|09-19-2002, 08:33 PM||#1|
Join Date: Jul 2001
Location: North Brunswick, NJ, USA
AOL Talks with Christopher and Dan Reeve
AOL: Christopher, after your accident, your new reality was as a "C-2 vent-dependent quadriplegic." In your book, you describe your reaction: "I was angry, and I probably still carry much of that anger today." How do you deal with that anger?
Christopher Reeve: I deal with anger by working very hard to keep myself in the best physical condition and by focusing on my family and friends, all of whom support me with their love and bring me great joy. I also spend a great deal of time as Chairman of the Christopher Reeve Paralysis Foundation and a member of the Coalition for the Advancement of Medical Research attempting to pass legislation in Congress that will permit federal funding for cutting edge research and the improvement of the quality of life for millions of Americans and others around the world who are living with disease and disability.
AOL: Dana, how do you deal with your anger?
Dana Reeve: We are a family that is not afraid of emotions --- whether they are positive or negative. Emotions are part of the human experience, an essential part of our expressiveness. Chris's anger is not deeply buried and pent up; therefore it can be expressed and dealt with in a non-threatening way. I deal with his anger and my own by 1) identifying and expressing it, 2) trying to identify ways to alleviate the anger --- usually by focusing on problems that can be fixed and learning to accept situations that may not have an immediate solution and 3) keeping my sense of humor and encouraging Chris to do the same.
AOL: Christopher, you write about slipping into the "numb zone," an acceptance of your condition that, if not stopped, can lead you back to square one. How do you fight your way out of that zone?
Christopher Reeve: Much like coping with anger, getting out of the "numb zone" requires taking action. We are all capable of doing that. A soon as you realize you're slipping into that state of mind, you need to do something that makes you think more about others than yourself. The best remedy for me is to remind myself that I am a husband and father, not just a spinal cord patient.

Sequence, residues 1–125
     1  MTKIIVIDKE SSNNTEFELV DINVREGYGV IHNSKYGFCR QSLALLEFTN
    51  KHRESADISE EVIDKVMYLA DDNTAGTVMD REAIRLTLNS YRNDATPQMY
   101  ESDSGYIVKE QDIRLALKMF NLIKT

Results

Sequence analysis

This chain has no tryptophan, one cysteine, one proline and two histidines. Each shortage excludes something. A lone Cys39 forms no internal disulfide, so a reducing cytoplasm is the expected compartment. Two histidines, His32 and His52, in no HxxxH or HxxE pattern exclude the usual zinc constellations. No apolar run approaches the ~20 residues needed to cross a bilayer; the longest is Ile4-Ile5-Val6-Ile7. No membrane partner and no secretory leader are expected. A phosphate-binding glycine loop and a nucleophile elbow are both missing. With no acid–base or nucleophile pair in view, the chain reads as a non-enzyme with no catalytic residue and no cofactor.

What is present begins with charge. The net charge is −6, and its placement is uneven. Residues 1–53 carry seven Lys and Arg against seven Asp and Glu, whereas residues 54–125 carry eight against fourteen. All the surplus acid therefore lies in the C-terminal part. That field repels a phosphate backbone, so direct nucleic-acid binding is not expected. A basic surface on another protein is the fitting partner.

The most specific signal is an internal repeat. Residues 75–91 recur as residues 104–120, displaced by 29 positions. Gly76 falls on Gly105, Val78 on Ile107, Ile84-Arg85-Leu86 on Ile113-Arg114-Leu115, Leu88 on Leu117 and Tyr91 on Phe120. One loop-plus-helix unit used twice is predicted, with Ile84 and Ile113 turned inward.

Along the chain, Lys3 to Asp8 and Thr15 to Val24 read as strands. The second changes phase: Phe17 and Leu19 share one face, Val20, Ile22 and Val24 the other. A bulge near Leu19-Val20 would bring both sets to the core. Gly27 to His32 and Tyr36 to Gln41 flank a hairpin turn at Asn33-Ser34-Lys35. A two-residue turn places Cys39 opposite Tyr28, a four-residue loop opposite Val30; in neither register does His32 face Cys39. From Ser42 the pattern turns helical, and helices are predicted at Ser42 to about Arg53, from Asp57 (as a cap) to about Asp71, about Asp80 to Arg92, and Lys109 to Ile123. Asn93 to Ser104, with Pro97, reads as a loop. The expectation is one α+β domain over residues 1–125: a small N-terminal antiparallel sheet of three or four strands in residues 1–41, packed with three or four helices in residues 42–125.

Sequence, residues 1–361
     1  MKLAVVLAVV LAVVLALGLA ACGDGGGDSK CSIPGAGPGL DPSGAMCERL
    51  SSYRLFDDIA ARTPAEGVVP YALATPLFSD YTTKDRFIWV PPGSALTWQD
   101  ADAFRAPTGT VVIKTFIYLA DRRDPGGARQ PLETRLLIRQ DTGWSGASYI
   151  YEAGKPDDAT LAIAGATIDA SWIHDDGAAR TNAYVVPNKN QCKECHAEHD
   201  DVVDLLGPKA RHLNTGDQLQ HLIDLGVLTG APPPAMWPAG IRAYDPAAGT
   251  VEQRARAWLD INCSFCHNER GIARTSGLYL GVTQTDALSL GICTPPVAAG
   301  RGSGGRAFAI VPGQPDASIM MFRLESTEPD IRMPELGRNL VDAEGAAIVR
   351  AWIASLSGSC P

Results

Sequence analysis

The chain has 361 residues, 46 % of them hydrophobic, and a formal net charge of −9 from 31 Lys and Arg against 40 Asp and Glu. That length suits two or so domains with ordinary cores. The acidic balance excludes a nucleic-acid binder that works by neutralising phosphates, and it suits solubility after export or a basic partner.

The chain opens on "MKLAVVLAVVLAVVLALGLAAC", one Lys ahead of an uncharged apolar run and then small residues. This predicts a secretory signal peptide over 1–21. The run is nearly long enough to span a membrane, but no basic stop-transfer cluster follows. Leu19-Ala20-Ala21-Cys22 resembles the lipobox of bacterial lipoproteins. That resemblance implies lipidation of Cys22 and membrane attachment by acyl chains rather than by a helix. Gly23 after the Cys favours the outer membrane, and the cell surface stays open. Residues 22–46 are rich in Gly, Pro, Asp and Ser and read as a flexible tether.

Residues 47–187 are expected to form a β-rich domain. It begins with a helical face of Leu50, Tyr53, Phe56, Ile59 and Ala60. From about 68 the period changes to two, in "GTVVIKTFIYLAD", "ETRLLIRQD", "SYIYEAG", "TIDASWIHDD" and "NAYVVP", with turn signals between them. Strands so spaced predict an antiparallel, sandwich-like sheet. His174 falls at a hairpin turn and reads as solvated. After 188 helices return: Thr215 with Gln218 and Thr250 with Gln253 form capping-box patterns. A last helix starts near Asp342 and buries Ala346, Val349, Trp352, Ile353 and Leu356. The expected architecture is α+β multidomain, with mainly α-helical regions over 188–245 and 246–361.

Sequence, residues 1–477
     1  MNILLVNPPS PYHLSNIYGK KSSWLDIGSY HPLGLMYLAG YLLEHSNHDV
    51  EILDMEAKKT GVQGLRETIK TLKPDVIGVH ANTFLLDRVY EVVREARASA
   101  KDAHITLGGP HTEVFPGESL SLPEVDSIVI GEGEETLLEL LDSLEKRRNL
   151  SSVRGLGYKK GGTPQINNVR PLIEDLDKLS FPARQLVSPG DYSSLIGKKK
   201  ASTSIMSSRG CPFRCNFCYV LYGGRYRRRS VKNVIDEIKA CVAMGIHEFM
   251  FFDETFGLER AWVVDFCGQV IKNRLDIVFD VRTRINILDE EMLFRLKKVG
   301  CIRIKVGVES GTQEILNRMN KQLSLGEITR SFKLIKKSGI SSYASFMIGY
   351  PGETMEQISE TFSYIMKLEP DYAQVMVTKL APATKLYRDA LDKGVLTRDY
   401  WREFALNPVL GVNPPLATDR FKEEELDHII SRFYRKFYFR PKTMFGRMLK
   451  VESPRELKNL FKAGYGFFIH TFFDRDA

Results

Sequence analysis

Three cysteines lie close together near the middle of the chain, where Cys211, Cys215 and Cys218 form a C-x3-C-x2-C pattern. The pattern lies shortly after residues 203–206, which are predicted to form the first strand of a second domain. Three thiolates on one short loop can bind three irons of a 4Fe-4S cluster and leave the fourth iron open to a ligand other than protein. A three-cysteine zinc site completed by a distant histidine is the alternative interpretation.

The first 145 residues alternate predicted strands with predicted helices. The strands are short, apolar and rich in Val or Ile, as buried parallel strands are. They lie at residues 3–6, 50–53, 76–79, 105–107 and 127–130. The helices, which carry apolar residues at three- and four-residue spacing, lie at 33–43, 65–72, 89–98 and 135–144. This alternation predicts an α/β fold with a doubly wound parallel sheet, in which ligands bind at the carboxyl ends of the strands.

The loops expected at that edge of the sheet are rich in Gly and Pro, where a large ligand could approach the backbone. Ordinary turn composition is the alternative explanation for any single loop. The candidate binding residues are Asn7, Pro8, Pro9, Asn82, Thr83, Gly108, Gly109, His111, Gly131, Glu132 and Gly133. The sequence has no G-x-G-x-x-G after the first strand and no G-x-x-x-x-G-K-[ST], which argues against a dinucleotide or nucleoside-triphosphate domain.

AOL: Christopher, the discovery that you can move --- I read that chapter, shook my head and thought, "No words for that." But of course, you have many. What's the moral for people with disabilities?
Christopher Reeve: The moral is not to accept any limitations, either set by ourselves or imposed by others. I think that applies to everyone, whether disabled, ill or in perfect health.
AOL: Dana, what was your reaction to the discovery that Christopher can move?
Dana Reeve: I was shocked and elated for him. Chris works very hard, sets very high standards for himself, and sets goals that he insists on meeting --- or at least trying his best to meet. He is amazing that way. He continues to defy all the expectations doctors and scientists have for him. He always reaches higher. As far as "daring to hope..." that's a tricky one. I tend to live more "day by day." I live with hope without expectation. That way, I'm happy when things go well and not devastated when they don't. I am here to enjoy the journey, get the most out of it that I can, and help others along the way.